Are apps for language learning a bad idea?

Agnieska Murdoch has the hot take for language learning this week: Don’t learn with an app. She makes a lot of valid points, but concludes by noting that apps are good for some things after all. Which is the very unfortunate thing about apps: They’re good for getting started, but should not be confused with full-fledged language learning programs.

For quite some time, I used DuoLingo for Mandarin. And I learned to recognize a lot of characters when I’ve never been very good at that. The problem, though, is the gamification element. While the gamification element may get you started and keep you going for a little while, after a while your motivation for signing in is the game, not the learning. I eventually quit DuoLingo because I found myself doing an extra five or ten minutes on Saturdays to stay in whatever group I was in at the time. And what I discovered is that because I’d been using it long enough, following the queues from the way the game worked allowed me to get through lessons without actually paying much attention to the actual content. If you don’t know anything about a language, DuoLingo is a great place to start, but once you’ve finished the first level, you should probably move on to something else. Because after level one, being good at DuoLingo’s gamification elements is probably as important as language learning for “advancement.”

I’m going to be really controversial here, and take a shot at another app. Lots of people roll their eyes at DuoLingo, but what about Anki? I’ve used Anki, and I’ve found the same thing as with DuoLingo: If you use it to bang some basics into your head, that’s fine. But if you’re doing 100 cards a day in Anki, that’s a lot of time that could be spent listening to or reading content and forcing yourself to deal with comprehensible input. Really, learning a language has a lot to do with dealing with things you weren’t expecting or don’t actually know yet. Learning and using a language is not about knowing the answers. It’s about having enough exposure that you can navigate situations where your knowledge is imperfect and use the feedback you get on the fly to build your knowledge without getting yourself into (too much) trouble.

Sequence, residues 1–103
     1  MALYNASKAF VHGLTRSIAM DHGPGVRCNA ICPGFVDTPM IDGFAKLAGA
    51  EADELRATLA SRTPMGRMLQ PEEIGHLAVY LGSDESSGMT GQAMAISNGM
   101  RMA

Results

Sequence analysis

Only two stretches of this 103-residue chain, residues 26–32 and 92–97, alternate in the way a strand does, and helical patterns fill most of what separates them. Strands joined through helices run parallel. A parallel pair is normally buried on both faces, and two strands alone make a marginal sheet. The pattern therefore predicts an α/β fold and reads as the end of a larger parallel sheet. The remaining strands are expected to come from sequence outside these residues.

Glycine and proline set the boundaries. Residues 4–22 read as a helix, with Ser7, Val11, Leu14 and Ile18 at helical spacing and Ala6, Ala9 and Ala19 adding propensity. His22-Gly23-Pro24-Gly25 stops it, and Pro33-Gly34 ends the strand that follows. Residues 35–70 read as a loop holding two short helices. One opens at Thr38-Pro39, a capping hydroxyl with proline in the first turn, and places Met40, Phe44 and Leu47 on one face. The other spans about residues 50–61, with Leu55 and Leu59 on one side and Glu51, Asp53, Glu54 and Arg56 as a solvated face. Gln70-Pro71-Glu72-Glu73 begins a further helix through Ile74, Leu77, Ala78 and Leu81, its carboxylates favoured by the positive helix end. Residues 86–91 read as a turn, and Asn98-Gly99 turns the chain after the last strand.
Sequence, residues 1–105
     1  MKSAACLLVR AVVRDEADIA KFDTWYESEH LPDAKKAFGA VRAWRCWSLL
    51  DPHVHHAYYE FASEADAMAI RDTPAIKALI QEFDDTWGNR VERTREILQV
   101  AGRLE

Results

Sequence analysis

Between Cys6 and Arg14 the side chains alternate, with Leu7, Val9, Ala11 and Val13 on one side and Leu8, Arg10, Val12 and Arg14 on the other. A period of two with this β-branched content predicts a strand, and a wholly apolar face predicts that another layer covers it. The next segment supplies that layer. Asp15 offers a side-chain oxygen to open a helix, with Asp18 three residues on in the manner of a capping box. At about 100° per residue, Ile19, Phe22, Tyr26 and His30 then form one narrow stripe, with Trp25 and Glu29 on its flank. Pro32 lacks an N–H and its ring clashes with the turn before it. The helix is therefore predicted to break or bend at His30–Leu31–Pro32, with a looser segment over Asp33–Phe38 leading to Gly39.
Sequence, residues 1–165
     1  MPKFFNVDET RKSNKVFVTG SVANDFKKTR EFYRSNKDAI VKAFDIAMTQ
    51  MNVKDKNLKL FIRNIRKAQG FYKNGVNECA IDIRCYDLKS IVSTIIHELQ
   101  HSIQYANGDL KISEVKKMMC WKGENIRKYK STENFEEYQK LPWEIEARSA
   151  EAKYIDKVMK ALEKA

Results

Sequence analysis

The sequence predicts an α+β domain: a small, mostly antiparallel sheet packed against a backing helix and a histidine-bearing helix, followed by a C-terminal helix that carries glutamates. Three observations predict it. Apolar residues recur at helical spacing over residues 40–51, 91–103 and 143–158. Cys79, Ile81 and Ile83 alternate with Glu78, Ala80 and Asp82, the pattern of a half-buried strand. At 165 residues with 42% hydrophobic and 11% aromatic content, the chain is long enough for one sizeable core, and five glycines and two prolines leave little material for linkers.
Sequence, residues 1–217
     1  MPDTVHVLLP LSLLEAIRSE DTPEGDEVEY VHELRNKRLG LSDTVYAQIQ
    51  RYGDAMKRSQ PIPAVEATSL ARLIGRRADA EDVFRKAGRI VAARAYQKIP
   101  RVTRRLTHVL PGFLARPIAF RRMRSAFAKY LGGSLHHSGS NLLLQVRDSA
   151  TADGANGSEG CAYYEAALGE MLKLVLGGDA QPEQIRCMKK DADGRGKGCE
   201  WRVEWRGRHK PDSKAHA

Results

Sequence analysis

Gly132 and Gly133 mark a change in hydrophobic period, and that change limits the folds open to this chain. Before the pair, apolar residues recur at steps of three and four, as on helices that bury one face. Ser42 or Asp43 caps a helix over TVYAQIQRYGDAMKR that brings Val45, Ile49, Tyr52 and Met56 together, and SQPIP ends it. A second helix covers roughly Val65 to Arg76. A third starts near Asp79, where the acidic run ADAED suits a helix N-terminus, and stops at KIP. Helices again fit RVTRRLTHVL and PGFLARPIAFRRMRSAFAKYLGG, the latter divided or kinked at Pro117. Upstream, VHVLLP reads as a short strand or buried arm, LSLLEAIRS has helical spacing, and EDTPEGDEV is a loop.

One app that I do think is particularly useful for beginners is Memrise. I’ve fussed with their Mandarin program off and on, and here’s it’s one advantage: While they drill the same phrases a lot, they have lots of different people with lots of different accents saying them. So in that regard, at least, you have to deal with a lot of ambiguity and work out things that can be a challenge. Still, I would never suggest learning Mandarin with Memrise alone.

So, rule of thumb: If you’re learning a new language, by all means, use an app to get started. But once you’ve learned one or two hundred words and can make it through Hello, Goodbye and Sorry, I didn’t understand, it’s time to start using new resources.

About G Barto

Geoffrey Barto has been teaching language and culture for more than twenty years. His focus is helping people use language to achieve their goals, both for personal growth and in building their careers. The right words can make all the difference in the world!
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